Diversity in team training is helpful, but only to minorities (Human Resource Management)

Topic(s): diversity

Topic: Diversity
Publication: Journal of Cross-Cultural Psychology (SEP 2010)
Article: Ethnic Diversity as a Multilevel Construct : The Combined Effects of Dissimilarity, Group Diversity, and Societal Status on Learning Performance in Work Groups
Authors: Felix C. Brodbeck, Yves R. F. Guillaume and Nick J. Lee
Reviewed By: Nupur Deshpande

What influence does diversity within a team have on learning performance in work groups? I know you’ve spent many a sleepless night pondering just such a question. At least, you have if you’re a diversity researcher. Team diversity has befuddled researchers with contradictory results – mainly in the apparent improvements team diversity has for some groups and not others. So what’s the deal? It may all come down to a battle of competing theories and multi-level models. In short, it may depend on whether you are looking at individual team members within a group or the group as a single unit (it matters!) Let’s start at the very beginning (a very good place to start).

Why does diversity affect individuals in teams differently? There are three theories to consider here: the Social Categorization Perspective, the Information/Decision Making Perspective, and the Embedded Intergroup Relations Perspective. Let me break it down for you. The Social Categorization Perspective says that the more integrated someone feels in a group, the better s/he will perform and the happier that person will be. Minority team members may feel less integrated in the group and not contribute because of a perceived risk of embarrassment or rejection if shared information is dismissed. The Information/Decision Making Perspective, on the other hand, says that group diversity enhances creativity and learning by exposing people to more ideas, a broader knowledge base, and divergent perspectives and opinions. Finally, The Embedded Intergroup Relations Perspective looks at ethnic diversity as being part of a wider social context. Interactions between diverse groups in the real-world impact the interactions that people have in their groups, especially in terms of the distribution of power and status. In this study, researchers used each theory as a separate layer in their multi-level model (so, individuals, the team, and society). They may not be competing theories at all! Past research might be seeing different results just because they are looking at only one level of a very complex dynamic, all of which is operating in tandem.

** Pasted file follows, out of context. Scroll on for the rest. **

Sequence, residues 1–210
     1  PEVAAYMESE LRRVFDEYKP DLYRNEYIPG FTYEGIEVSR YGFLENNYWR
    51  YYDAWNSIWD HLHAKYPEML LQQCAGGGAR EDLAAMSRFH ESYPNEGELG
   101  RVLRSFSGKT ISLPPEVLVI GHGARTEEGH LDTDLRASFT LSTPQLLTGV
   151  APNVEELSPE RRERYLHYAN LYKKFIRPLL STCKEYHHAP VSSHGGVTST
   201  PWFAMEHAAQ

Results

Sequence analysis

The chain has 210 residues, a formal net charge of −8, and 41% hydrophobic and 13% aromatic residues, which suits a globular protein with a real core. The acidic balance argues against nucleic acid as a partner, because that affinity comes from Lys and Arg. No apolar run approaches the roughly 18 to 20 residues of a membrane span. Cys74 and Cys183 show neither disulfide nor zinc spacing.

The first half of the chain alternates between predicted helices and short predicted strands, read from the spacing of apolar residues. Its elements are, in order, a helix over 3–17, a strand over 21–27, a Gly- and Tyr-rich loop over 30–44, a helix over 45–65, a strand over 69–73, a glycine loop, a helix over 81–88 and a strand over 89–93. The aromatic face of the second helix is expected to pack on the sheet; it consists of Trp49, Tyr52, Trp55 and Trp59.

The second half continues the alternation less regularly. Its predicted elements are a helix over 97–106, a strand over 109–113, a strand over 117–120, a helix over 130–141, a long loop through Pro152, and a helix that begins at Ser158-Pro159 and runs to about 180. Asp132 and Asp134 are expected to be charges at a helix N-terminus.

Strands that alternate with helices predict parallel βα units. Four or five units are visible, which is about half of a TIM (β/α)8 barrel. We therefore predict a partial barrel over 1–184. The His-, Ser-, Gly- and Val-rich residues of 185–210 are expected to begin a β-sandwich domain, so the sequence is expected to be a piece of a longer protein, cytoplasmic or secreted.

And, that’s what the researchers found. At the individual level, individual learning performance was lower for minority students than for White students. Meanwhile, groups with minorities performed better. So, an individual minority member did worse for themselves, but served to improve the group’s performance, particularly if there were big social status differences at play.

So what does this all mean? This research shows that there are positives and negatives in creating a diverse workforce. On the positive side, groups perform better with diverse team members; but, the negative is that it may be unduly harsh for the minority members. All of this rests on the idea that group members feel that they are different from one another. Training in cultural awareness and diversity acceptance may create an environment in which all team members feel valued by the group and, in turn, value the group. Additionally, creating groups in which Whites are not the numerical majority could benefit all group member involved. The gist is: diversity matters!

Brodbeck, F. C., Guillaume, Y. R. F., and Lee N. J. (2010). Ethnic diversity as a multilevel construct : The combined effects of dissimilarity, group diversity, and societal status on learning performance in work groups. Journal of Cross-Cultural Psychology, 41.

human resource management, organizational industrial psychology, organizational management

 

 

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